17. 17. Energy and CO2 emissions calculation of a sample household In this sample household, with deployment of an average efficiency (56%) WWHR system, 833 kWh electrical energy and related 283 kg of CO2 emissions can be saved, or consumption of 85 m3 natural gas, equivalent to 153 kg CO2 can be avoided. 37% of energy consumption and CO2 emissions avoided | Wastewater Heat Recovery (WWHR) systems17 Household Without WWHR Household With WWHR Household Saving with WWHR Hot water preparation Energy demand per year CO2 emissions per year Energy demand per year CO2 emissions per year Energy saving per year CO2 emissions saving per year Electricity 2,264 kWh 770 kg 1,430 kWh 486 kg 833 kWh 283 kg Gas 231 m3/year 414 kg 144 m3/year 262 kg 85 m3/year 153 kg
  18. 18. RETURN ON INVESTMENT • Electricity and natural gas prices vary across Member States and there is a wide range of WWHR systems available on the market, so the exact return on investment needs to be calculated specifically for each project. • An average family can save around €50-150 annually on their hot water bill after deployment of a WWHR unit and this justifies the investment into this safe, energy efficient, environmentally friendly, simple, and easy to install, operate and maintain system with a long lifespan. | Wastewater Heat Recovery (WWHR) systems18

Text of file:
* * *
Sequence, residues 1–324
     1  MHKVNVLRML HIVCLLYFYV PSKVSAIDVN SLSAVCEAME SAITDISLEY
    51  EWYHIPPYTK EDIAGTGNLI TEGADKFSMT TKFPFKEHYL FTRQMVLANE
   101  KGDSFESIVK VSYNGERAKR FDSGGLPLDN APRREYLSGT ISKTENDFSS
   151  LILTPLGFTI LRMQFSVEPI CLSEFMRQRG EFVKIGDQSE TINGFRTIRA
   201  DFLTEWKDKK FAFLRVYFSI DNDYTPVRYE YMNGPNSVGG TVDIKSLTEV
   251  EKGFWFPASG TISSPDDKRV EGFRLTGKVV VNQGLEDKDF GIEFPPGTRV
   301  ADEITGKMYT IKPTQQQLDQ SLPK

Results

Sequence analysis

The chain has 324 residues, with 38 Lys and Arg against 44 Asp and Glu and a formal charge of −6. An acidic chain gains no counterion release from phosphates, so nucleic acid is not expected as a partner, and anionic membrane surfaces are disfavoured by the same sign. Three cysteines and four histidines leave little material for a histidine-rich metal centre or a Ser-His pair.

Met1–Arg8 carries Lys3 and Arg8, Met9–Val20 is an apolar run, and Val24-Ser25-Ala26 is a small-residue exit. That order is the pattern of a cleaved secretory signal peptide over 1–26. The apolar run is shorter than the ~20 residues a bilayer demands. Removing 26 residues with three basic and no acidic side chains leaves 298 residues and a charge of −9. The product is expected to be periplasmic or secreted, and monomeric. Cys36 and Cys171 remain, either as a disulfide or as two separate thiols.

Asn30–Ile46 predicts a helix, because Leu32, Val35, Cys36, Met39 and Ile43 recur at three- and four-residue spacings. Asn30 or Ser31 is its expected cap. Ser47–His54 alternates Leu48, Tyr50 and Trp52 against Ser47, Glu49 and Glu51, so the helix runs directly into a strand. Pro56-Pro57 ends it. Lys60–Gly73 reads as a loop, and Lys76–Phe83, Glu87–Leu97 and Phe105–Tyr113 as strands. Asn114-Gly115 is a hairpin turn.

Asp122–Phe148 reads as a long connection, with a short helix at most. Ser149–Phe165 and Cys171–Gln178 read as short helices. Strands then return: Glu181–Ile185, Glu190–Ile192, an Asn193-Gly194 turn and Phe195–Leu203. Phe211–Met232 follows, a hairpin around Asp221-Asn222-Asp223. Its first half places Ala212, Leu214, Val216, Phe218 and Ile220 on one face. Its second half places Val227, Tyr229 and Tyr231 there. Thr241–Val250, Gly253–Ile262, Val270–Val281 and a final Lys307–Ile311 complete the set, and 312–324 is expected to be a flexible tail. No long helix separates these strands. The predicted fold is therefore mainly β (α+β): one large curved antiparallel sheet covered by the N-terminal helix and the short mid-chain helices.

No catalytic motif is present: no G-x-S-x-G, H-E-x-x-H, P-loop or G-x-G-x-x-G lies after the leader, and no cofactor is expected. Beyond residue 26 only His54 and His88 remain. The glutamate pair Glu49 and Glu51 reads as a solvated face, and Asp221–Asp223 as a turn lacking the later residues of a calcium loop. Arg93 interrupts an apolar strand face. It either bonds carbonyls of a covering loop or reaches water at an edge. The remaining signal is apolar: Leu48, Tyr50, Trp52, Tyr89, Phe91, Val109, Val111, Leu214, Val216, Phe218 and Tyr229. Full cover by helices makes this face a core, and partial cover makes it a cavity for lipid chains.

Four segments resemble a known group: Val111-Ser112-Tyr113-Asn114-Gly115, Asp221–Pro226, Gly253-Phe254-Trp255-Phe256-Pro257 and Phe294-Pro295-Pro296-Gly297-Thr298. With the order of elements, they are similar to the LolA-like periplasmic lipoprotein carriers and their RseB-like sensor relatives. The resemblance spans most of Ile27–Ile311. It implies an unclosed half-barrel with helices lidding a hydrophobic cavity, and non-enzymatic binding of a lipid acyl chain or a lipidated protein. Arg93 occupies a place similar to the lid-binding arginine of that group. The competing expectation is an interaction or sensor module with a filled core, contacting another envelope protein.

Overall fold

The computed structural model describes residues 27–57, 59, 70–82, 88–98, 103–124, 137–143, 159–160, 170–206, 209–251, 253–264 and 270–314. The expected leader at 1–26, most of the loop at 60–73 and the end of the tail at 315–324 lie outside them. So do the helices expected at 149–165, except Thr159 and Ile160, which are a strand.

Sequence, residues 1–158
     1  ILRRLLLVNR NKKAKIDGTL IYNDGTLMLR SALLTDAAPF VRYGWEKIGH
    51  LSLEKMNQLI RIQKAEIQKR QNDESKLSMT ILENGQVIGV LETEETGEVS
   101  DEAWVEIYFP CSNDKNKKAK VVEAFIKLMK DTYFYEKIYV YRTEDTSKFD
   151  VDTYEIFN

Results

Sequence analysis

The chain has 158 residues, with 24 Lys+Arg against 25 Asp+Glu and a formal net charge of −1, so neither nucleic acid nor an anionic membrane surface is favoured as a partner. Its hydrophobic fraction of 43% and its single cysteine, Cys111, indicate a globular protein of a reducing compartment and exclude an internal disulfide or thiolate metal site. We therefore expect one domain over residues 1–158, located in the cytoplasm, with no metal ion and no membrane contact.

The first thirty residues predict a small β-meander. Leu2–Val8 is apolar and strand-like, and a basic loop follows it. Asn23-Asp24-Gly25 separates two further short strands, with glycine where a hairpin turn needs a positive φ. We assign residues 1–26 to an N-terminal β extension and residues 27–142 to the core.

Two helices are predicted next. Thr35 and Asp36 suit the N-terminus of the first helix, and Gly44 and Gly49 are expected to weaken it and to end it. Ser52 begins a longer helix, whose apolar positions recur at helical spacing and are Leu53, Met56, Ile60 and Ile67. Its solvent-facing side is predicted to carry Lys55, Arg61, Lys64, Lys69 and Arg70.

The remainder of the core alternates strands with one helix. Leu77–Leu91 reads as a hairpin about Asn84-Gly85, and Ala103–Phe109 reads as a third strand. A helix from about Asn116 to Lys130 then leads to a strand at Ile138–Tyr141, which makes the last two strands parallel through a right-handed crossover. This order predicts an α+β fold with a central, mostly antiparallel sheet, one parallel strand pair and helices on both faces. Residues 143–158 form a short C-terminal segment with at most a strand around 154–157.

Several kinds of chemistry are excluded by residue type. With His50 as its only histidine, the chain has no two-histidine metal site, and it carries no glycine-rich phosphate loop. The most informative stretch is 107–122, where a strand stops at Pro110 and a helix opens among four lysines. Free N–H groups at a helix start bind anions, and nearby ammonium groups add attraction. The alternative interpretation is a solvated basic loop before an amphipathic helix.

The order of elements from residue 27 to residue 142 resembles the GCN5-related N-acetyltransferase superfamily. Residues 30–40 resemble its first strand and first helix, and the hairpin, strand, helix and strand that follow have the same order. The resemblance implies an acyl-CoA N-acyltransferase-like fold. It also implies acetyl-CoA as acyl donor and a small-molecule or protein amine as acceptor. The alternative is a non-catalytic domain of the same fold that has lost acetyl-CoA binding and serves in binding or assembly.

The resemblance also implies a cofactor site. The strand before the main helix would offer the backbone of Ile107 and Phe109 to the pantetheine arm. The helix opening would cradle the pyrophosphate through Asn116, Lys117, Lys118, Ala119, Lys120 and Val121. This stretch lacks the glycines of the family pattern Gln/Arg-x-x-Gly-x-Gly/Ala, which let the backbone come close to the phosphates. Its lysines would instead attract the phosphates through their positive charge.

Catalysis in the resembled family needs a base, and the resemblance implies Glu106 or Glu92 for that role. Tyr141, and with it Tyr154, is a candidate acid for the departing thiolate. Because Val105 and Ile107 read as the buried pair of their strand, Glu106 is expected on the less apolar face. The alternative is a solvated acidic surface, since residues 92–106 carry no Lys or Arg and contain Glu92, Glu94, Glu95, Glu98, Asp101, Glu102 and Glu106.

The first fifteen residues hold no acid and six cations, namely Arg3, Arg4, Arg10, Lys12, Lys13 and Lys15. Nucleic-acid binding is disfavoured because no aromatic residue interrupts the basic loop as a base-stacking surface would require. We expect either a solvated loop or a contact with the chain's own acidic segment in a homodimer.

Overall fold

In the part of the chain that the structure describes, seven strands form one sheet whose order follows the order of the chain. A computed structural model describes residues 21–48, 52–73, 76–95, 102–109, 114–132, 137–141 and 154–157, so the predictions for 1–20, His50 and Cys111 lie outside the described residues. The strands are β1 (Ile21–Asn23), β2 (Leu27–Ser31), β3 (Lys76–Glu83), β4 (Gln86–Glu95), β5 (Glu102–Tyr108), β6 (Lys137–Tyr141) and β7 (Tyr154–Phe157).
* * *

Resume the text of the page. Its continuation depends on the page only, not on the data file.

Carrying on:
19. 19. EU 28 Energy Statistics, 2017 19 Item Value Energy for domestic hot water preparation 495 TWh Share of hot water used for shower out of total hot water used in households (see table below) 80% Energy for shower hot water in households 396 TWh Final energy consumption 12 329 TWh Household's final energy consumption 3 344 TWh Share of hot water in households final energy consumption 14,8% Share of hot water used for shower in final energy consumption 3,21% Use of hot water in households according to JRC report “MEErP Preparatory Study on Taps and Showers” Share Bath 6% Shower 80% Tap, washbasin 7% Tap, kitchen - drinking/cooking 0% Tap, kitchen - dish washing 5% Tap, indoor - clothes washing 2% Tap, indoor - other uses 0% Outdoor 0% Total hot water demand in taps and showers 100% | Wastewater Heat Recovery (WWHR) systems